Chef Kelly Fields’ James Beard award-winning career began entirely “on accident”. Kelly was 19 at the time and found herself working in a bakery owned by a friend’s parents as a favor.
“That’s when I realized that’s what I wanted to do.”
So, she began to work at the bakery full time.
“When I had learned everything I could there, I went to work for Susan Spicer. She had just won a James Beard award and was the woman to work for in New Orleans.”
Working for Susan Spicer solidified Fields’ love for the industry. By the year 2000, she had enrolled at Johnson and Wales in Charleston, South Carolina—where she grew up. By 2002, Fields moved straight back to New Orleans and became the pastry chef at acclaimed Restaurant August.
Hurricane Katrina hit in 2005, forcing Chef Fields to leave New Orleans. Rather than take up a position in another restaurant in the South, Fields decided to travel the world. Literally.
“I worked. I saw the world. I learned things. I cooked.”
Over the course of some years, Fields traveled extensively throughout Scotland, Iceland, Italy, Egypt, Israel, New Zealand, and countless other places.
“I did a lot of WWOOFing,” Fields explained. The Willing Workers on Organic Farms (“WWOOF”) program is a network of national organizations that connect people interested in learning about organic farming and smallholdings with hosts of the same. It’s a simple bartering process—trading room, board, and food for a certain amount of work per day or week.
“I would schedule time where one week I would be on an olive farm during olive harvest, picking olives. Then, the next week I’d be in the actual press,” Fields recounts. “I’d schedule things so that I could see the whole process.”
Fields also staged and worked at a number of small bakeries around the world.
“Being somewhere like Turkey, where they’re firing pastries in these little holes in the wall, I would ask all the questions and figure out what they do.”
It was this very type of experience that brought Fields back to her own roots of cooking.
“I had gotten so into sous vide and molecular and trendy stuff. To be traveling places where it’s just fire and really good ingredients brought me back to what is important—what is food, what is nourishment, and how much more important nourishment is over getting your ego on the plate.”
In between WWOOFing and stages, Fields also took up odd jobs.
“I did horseback riding tours around a glacier lake in New Zealand for a week. The lake is fluorescent blue from the chemical compounds!”
Over the years, it was neither those odd jobs nor the stages that Fields remembers with the most fondness.
“For me, it was cooking meals with families. A very good friend of mine from New Orleans is Israeli. I met her and her entire family in Israel and I cooked with her dad at their house. That’s my favorite cooking memory.”
That, and cooking out from the back of a van in Iceland under the Northern Lights. As one does…
Fields continued her adventures after coming back to the United States by taking up positions in San Francisco.
“I figured out New Orleans was exactly where I wanted to come back to. It’s New Orleans. It’s in my blood. This city is home. It feels exactly like the place I belong in the world, after traveling most of it.”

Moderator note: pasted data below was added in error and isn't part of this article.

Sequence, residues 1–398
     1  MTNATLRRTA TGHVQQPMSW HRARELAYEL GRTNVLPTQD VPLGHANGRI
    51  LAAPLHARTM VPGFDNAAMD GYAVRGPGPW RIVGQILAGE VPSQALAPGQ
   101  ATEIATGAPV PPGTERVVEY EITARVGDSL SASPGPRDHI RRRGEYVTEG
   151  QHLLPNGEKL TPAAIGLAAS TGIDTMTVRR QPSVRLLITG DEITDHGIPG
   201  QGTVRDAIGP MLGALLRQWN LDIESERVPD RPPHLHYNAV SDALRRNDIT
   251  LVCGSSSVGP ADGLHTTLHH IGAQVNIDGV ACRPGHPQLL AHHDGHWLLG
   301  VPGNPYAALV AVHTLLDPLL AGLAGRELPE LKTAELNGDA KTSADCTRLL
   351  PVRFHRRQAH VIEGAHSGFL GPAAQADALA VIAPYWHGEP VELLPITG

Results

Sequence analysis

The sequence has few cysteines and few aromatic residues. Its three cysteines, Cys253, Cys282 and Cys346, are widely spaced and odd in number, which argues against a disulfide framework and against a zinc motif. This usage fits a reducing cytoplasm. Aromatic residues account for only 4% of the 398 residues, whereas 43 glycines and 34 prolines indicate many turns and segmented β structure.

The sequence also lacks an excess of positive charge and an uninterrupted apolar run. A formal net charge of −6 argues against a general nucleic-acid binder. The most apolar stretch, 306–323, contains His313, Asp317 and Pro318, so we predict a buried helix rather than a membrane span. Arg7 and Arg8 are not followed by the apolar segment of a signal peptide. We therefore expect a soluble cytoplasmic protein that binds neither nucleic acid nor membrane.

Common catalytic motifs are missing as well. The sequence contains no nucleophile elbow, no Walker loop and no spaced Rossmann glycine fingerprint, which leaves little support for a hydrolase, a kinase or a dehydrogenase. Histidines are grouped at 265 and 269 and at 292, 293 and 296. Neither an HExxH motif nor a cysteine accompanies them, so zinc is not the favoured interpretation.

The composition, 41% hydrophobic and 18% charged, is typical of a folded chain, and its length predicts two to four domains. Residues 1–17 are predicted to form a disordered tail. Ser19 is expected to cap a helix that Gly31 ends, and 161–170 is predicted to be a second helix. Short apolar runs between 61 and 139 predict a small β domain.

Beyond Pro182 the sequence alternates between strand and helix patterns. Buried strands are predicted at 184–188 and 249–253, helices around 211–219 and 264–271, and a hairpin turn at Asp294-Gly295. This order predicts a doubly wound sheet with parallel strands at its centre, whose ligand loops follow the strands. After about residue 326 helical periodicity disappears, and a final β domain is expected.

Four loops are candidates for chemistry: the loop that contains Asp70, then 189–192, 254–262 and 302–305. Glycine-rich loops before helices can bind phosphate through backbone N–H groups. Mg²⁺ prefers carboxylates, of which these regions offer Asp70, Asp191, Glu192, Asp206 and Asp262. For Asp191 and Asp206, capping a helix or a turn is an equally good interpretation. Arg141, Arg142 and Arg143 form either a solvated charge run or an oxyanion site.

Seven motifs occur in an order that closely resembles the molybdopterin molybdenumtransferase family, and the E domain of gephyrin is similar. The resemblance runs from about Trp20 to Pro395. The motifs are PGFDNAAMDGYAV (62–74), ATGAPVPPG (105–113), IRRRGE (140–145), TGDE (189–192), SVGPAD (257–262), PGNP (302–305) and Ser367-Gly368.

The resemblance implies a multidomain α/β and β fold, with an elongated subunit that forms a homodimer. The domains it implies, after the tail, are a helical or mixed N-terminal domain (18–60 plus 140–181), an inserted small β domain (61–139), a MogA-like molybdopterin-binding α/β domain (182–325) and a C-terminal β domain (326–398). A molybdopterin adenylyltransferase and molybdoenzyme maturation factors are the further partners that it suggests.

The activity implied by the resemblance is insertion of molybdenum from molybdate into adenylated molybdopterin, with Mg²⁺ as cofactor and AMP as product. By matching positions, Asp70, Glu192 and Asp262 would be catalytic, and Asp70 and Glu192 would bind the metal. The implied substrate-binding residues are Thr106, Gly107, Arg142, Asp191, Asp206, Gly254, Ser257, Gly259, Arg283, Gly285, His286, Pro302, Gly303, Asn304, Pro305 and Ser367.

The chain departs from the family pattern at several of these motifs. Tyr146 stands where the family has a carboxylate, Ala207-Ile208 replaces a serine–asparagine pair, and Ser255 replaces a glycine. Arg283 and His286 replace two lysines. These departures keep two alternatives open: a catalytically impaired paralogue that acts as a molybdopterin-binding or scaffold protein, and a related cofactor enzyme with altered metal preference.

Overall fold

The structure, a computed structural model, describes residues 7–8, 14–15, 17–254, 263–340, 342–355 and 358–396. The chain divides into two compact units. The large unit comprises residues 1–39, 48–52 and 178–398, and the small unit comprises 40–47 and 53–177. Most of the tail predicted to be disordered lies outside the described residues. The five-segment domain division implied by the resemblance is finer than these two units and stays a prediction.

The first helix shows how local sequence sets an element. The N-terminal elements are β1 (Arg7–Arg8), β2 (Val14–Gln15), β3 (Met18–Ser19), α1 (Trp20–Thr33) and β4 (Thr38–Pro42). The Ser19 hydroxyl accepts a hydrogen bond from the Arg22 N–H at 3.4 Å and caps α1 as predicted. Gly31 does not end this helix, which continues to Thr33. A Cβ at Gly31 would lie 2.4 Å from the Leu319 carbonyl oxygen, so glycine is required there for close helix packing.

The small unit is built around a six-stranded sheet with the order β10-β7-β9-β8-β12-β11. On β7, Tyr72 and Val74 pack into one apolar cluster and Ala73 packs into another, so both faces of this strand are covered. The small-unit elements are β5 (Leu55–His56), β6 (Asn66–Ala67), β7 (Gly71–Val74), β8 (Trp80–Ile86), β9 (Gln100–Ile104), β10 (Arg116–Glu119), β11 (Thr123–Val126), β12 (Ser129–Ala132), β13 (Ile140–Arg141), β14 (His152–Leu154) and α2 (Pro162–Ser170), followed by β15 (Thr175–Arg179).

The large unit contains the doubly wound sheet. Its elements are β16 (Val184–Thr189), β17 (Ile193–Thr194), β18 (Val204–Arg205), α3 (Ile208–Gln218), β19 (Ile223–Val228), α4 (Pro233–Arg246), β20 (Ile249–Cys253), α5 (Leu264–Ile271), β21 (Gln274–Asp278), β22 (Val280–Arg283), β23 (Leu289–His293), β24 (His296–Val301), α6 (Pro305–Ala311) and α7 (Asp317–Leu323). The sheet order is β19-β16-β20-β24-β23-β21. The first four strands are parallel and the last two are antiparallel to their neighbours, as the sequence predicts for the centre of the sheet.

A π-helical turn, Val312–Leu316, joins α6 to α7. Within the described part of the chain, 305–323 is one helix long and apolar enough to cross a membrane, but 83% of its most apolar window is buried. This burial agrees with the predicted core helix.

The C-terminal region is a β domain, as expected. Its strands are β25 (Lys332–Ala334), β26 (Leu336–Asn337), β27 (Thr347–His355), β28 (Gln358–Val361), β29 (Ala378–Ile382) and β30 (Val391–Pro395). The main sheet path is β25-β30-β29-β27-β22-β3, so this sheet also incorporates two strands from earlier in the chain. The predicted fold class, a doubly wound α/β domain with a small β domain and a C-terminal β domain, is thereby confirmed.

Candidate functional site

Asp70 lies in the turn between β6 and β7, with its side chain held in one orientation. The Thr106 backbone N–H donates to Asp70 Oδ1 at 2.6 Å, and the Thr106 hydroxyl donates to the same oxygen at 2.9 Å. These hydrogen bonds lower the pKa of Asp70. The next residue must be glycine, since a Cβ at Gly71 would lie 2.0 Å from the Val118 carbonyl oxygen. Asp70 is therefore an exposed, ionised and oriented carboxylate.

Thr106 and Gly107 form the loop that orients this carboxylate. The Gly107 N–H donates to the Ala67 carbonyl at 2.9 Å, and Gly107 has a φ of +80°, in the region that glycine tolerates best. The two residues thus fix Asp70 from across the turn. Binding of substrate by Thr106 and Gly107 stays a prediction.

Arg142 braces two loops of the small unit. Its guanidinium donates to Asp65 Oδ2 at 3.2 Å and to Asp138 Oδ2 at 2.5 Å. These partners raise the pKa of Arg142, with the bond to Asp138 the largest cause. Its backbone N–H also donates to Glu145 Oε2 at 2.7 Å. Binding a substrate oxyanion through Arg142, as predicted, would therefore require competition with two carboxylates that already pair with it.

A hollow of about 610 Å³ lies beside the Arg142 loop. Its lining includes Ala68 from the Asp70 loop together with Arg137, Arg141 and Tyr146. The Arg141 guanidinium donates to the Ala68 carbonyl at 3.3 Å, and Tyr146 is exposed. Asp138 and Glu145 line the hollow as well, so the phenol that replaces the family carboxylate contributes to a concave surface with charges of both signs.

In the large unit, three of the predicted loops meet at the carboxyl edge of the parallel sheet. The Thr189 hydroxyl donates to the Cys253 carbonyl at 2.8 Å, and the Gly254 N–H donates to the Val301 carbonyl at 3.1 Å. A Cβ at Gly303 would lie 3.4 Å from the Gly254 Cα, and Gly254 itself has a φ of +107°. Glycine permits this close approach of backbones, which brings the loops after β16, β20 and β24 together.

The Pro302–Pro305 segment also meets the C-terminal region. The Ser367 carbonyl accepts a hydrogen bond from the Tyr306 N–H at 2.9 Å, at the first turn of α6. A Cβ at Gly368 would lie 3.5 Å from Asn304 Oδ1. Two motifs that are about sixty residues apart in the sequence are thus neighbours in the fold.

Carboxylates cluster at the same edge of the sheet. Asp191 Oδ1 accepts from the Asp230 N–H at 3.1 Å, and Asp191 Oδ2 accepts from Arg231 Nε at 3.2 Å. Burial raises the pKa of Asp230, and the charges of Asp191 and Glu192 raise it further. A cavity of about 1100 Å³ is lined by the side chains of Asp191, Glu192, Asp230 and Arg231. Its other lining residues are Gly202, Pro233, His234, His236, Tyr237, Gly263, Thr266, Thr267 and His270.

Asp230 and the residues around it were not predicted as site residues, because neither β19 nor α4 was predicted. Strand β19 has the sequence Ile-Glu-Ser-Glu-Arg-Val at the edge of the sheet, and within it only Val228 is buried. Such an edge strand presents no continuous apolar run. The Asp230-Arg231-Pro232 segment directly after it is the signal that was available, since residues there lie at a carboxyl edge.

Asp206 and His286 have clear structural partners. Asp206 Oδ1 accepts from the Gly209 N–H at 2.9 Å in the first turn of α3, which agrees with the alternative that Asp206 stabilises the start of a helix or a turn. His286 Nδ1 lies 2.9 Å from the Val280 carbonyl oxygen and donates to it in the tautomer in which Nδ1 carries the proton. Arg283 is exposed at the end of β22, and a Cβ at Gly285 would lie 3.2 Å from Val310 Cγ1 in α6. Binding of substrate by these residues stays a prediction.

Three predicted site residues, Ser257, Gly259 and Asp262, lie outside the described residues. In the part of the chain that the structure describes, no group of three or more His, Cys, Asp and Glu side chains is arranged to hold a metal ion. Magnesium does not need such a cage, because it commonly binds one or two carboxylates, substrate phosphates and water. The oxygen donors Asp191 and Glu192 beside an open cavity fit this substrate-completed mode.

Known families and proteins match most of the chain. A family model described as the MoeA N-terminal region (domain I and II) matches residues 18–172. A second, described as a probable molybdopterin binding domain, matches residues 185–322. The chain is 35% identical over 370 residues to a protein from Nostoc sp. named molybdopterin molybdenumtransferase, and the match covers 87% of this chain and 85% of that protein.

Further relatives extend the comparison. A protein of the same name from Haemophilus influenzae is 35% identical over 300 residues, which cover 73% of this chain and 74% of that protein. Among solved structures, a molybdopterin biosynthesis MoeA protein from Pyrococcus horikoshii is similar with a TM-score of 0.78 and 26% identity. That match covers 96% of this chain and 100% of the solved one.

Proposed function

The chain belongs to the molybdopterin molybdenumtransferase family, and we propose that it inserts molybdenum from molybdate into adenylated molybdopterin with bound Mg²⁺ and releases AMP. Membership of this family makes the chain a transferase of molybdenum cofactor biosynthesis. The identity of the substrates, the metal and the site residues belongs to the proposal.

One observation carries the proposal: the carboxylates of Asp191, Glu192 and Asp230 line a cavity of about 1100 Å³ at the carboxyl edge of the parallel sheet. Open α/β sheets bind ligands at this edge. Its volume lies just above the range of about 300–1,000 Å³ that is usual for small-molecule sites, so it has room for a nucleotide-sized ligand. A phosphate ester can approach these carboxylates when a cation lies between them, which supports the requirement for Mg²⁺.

In 2015, Willa Jean restaurant opened its doors in New Orleans. At first, the premise was very simple—a bakery with a couple of sandwiches. Fields soon found herself giving the concept room to show her what else it needed to be. Today, it’s a full service restaurant and bar.
“The bakery is one of the easiest overlooked parts of this business.” That being said, Fields did just win the James Beard Award for “Outstanding Pastry Chef” in the entire country and has been nominated for the same before. To Fields, Willa Jean and her role as Chef Partner means so much more.
“It’s about being inclusive enough in our thought process to make sure that we’re securing the future of the brand, the business, the people who work here, the farmers we choose to work with. It’s about making sure we’re doing everything we can to disrupt what the restaurant industry has always been. It’s about creating a more equitable environment for everyone.”
Fields is doing things right. With her transparent approach to financials as well as the future of the restaurant, she encourages her cooks and other staff to become entrepreneurs themselves.
“My job is to create the opportunity for everyone to have their own version of Willa Jean.”
As of 2017, Fields has extended that mentality past her employees and into the culinary world at large by launching the “Yes Ma’am” Foundation, “to inspire, encourage, and mentor the next generation of women in the restaurant and hospitality industry.”
For Fields, it’s important that women are able to access mentors in the business from an early stage. As a woman in the South, she recognized that mentorship–especially from and for women–was not easily accessible. In fact, it wasn’t until she had already reached a certain level of success that she began to learn from others on the same path.
“The stuff I learned so late in my career could have defined me a lot earlier and could have helped me figure out stuff in a much easier and gentler way.”
The end goal?
“I want to make sure that no one else is in the position where you can’t have a mentor in the restaurant industry until you’ve been nominated for a James Beard Award.”
Chef Fields is hard at work with Yes Ma’am to provide scholarships and funding to women interested in attending leadership conferences or going abroad to stage and learn. She is also currently working on her first cookbook book, due to release in Fall 2020.